This week’s parsha, Parshat Chayei Sarah, opens with Sarah’s death and burial by Abraham in the Machpelah cave in Hebron.
Abraham and Isaac are both devastated over the loss of their wife and mother, respectively. Yet Abraham understands that they must continue their lives. He decides that is time for Isaac to be married. So, he sends a servant to find a wife for Isaac. The servant, Eliezer, devises a test to find a righteous and appropriate woman. He rests at a well and decides that he will ask the women he sees for water, and the first woman who offers his camels water as well will be Isaac’s wife.
Rebecca is the first woman to appear at the well and immediately offers water to both Eliezer and his camels. Eliezer stares at Rebecca in wonder, amazed and in awe that Rebecca had arrived and promptly passed his test.
Rebecca returns to Canaan with Eliezer, where Isaac immediately falls in love with her and is at last comforted over the loss of his mother. At the end of the parsha, Abraham dies at the ripe age of 175 and is buried beside Sarah by his two eldest sons, Isaac and Ishmael.
But, wait. This parsha is Chayei Sarah, translating to the life of Sarah. Yet Sarah dies almost immediately into the text. So why is this parsha not called the death of Sarah, or an alternatively fitting title?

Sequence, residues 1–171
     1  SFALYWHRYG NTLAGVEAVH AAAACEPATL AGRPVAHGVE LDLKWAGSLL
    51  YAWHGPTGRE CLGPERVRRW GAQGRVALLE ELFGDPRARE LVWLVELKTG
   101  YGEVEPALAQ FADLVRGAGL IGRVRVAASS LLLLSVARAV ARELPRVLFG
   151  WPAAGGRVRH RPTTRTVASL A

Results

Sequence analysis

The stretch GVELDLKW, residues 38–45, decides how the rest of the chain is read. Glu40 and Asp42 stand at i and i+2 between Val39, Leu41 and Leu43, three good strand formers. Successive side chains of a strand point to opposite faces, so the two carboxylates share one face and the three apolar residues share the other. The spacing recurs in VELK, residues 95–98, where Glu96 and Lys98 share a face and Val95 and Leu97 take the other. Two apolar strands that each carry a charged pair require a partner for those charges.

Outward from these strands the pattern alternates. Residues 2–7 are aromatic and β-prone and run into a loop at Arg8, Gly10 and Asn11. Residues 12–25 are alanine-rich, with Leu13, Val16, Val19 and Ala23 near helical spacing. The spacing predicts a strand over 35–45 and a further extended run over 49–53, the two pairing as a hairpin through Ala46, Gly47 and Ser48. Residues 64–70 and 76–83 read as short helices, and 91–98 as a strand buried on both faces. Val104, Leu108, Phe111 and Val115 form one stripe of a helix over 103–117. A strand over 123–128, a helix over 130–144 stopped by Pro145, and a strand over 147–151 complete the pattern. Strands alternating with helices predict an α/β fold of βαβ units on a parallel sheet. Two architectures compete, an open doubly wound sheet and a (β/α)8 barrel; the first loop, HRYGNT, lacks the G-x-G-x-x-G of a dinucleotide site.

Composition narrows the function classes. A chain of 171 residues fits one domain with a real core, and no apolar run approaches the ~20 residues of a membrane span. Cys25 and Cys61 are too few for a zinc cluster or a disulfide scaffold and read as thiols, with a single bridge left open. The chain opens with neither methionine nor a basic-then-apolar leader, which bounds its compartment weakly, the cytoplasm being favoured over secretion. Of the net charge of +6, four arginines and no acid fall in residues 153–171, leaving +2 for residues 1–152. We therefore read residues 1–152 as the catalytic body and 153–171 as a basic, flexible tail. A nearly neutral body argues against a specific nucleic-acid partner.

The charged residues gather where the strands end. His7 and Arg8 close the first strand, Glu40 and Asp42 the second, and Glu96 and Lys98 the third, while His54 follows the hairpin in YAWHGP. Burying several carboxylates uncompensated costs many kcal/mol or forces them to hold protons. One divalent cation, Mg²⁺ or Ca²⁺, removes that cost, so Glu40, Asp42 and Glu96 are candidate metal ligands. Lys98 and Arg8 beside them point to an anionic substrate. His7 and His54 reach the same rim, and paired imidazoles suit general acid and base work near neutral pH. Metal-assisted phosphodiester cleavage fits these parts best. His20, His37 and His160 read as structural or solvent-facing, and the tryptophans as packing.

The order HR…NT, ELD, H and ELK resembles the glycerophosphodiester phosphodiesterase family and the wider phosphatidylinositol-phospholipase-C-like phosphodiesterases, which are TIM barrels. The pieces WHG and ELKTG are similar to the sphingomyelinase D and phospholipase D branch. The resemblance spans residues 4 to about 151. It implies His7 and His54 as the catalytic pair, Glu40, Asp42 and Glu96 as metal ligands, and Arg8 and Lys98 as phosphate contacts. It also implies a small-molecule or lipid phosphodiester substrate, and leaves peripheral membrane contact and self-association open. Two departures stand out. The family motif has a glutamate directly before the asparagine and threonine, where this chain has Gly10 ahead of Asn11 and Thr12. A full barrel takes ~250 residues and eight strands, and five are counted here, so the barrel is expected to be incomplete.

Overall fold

Although Sarah dies early in the parsha, her presence remains felt. Isaac grieves the loss of his mother, not comforted until Rebecca arrives. Sarah’s life is preserved in that of Isaac.
A common adage is that everyone has two deaths. First physically, and again the last time that someone says their name. Sarah is the matriarch of Judaism. We say her name every single day, in our prayers and in our texts. We refuse to let her die a second death, instead choosing to celebrate her life, just as the title of this parsha does.
Celebrating life extends past the parsha and into our everyday lives. When presented with an unfortunate situation, we all have a decision to make. What do we focus on? Do we let the negative pull us down? Or do we focus on the positive, accepting what we cannot change and beautifying what we can?
Chayei Sarah teaches us to focus on the good, emphasizing that life and joy exist even where we least expect it.
CVR Shlicha, Sophie Citron
Read commentary on this week's Parsha from BBYO teens around the world.
All views expressed on content written for The Shofar represent the opinions and thoughts of the individual authors. The author biography represents the author at the time in which they were in BBYO.
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